Little Shop of Horrors

( 1 )

Overview

Perhaps the greatest movie ever shot in two days, Little Shop of Horrors was originally conceived as a followup to Roger Corman's black comedy A Bucket of Blood 1959. Jonathan Haze plays Seymour Krelboin, a schlemiel's schlemiel who works at the Skid Row flower shop of Mr. Mushnick Mel Welles. Experimenting in his spare time, Seymour develops a new plant species that he hopes will lead him to fame and fortune. Unfortunately, the mutated plant -- named Audrey Junior, in honor of Seymour's girlfriend Audrey Jackie ...
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Overview

Perhaps the greatest movie ever shot in two days, Little Shop of Horrors was originally conceived as a followup to Roger Corman's black comedy A Bucket of Blood 1959. Jonathan Haze plays Seymour Krelboin, a schlemiel's schlemiel who works at the Skid Row flower shop of Mr. Mushnick Mel Welles. Experimenting in his spare time, Seymour develops a new plant species that he hopes will lead him to fame and fortune. Unfortunately, the mutated plant -- named Audrey Junior, in honor of Seymour's girlfriend Audrey Jackie Joseph -- subsists on blood and human flesh. It also talks, or rather, commands: "Feed Me! FEEEEED ME!" Before long, the luckless Seymour has fed his plant the bodies of a railroad detective, a sadistic dentist, and a flashy trollop. Meanwhile, Mr. Mushnik, who has stumbled onto Seymour's secret, has inadvertently offered up a burglar played by Charles Griffith, who also wrote the script and supplied the plant's voice as a midnight snack for the voracious, ever-growing Audrey Junior. When the plant blooms, the faces of its various victims are reproduced in its flowers. Ignored on its initial release, Little Shop of Horrors began building up a cult following via repeated TV exposure in the 1960s. By the mid-1970s, it had attained classic status, spawning a big-budget Broadway musical and followup feature film in the 1980s and a Saturday morning cartoon series in the 1990s. Enhancing the original Little Shop's reputation was the brief appearance by star-in-the-making Jack Nicholson as a masochistic dental patient Nicholson is often incorrectly referred to as the star of the film, though in fact he barely receives billing. Much as we love Nicholson, our vote for the most memorable Little Shop cast member goes to the ubiquitous Dick Miller "No thanks, I'll eat it here".
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Editorial Reviews

All Movie Guide - Bruce Eder
Roger Corman is a man with a Midas touch -- that's the only way to explain Little Shop of Horrors, a 1960 ultra-low budget horror movie/detective film satire that yielded a hit off-Broadway musical and a multi-million-dollar film version more than 20 years later. Corman had carved a niche for himself on Hollywood's Poverty Row as a producer-director of low-budget horror movies, mostly in association with American-International Pictures, which also specialized in teen exploitation titles, of which Corman did a few as well (Teenage Caveman, etc.). By 1960, the cycle had run its course, and one of the products was Little Shop of Horrors, which satirized the teen horror exploitation film, as well as various other elements of popular culture. Jonathan Haze's Seymour Krelboin is a delightful satire of the kind of nebbishy hero that Jerry Lewis was making millions out of playing at the time, and the two cops hunting for the "skid row killer" were a dig at Jack Webb's then-popular police shows and movies, most notably Dragnet. Corman's secret was to play it all -- the comedy, the cop sequences, the sight gags -- even more deadpan than Webb's work, so that the jokes were in the past once people tried to figure out what they had just seen. This was a style of comedy later perfected by the makers of Airplane and Police Squad and its offshoot, The Naked Gun movies, but Little Shop of Horrors is where it started; the ethnic jokes alone are a foot deep, and they slide past so fast that one has to watch the movie more than once just to catch them. It was a style of comedy that no one had done for movies before, and it took the rest of Hollywood 20 years to catch up -- just about the time that kids who knew Little Shop of Horrors were starting to make movies themselves.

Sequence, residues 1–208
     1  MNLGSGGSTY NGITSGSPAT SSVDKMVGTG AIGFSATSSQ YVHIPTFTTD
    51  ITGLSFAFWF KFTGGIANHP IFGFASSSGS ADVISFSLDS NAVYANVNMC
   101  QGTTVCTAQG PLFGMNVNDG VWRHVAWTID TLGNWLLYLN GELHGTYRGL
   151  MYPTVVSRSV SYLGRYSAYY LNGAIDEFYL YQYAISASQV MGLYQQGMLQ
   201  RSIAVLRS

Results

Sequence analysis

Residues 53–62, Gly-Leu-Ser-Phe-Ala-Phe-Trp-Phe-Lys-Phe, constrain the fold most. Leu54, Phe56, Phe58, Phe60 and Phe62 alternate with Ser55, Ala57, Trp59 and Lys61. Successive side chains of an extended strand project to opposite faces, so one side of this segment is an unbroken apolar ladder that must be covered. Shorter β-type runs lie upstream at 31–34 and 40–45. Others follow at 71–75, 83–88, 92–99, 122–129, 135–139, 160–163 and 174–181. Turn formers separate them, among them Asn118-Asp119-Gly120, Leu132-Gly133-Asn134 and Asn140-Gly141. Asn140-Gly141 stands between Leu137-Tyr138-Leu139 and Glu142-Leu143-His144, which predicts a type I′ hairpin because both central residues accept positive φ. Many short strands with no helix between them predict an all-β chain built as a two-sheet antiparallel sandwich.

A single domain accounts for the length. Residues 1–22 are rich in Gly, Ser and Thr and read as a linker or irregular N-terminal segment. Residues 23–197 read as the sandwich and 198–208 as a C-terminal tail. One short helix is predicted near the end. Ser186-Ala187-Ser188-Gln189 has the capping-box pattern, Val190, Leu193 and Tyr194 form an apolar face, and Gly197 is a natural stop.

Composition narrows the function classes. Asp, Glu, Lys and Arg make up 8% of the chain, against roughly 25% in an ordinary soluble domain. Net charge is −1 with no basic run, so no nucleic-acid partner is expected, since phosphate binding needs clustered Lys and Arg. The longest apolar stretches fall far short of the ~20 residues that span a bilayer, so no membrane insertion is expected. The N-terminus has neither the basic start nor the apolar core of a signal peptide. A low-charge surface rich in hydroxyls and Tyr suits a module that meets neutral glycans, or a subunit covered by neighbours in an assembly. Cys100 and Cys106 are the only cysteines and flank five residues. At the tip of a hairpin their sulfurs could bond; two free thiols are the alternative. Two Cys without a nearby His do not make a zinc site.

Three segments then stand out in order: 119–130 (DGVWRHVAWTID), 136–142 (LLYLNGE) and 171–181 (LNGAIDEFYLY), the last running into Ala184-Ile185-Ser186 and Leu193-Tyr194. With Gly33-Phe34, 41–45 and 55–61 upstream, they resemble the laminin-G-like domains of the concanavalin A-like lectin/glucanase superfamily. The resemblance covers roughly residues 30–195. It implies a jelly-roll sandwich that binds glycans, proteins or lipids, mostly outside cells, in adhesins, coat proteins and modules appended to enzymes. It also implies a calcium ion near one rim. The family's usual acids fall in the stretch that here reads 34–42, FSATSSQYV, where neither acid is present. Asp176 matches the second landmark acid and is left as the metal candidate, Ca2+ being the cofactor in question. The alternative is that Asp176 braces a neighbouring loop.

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Product Details

  • Release Date: 1/1/1998
  • UPC: 031398250036
  • Original Release: 1960
  • Rating:

  • Source: Vidmark / Trimark
  • Format: VHS

Cast & Crew

Performance Credits
Jonathan Haze Seymour Krelboin
Jackie Joseph Audrey
Mel Welles Gravis Mushnik
Richard Miller Fouch
Myrtle Vail Winifred Krelboin
Laiola Wendorff Mrs. Shiva
Jack Nicholson Wilbur Force
Wally Campo
Marie Windsor
Toby Michaels
Ernst R. von Theumer Gravis Mushnick
Technical Credits
Roger Corman Director, Producer
Richie Chechilo Executive Producer
Arch R. Dalzell Cinematographer
Charles B. Griffith Screenwriter
Daniel Haller Art Director
Fred Katz Score Composer
Lindsay Luecht Producer
David G. Martin Executive Producer
Philip Mitchell Sound/Sound Designer
Marshall Neilan Jr. Editor
Susan Olney Executive Producer
Barry Sandrew Executive Producer
Harry Thomas Makeup
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Customer Reviews

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  • Anonymous

    Posted September 18, 2010

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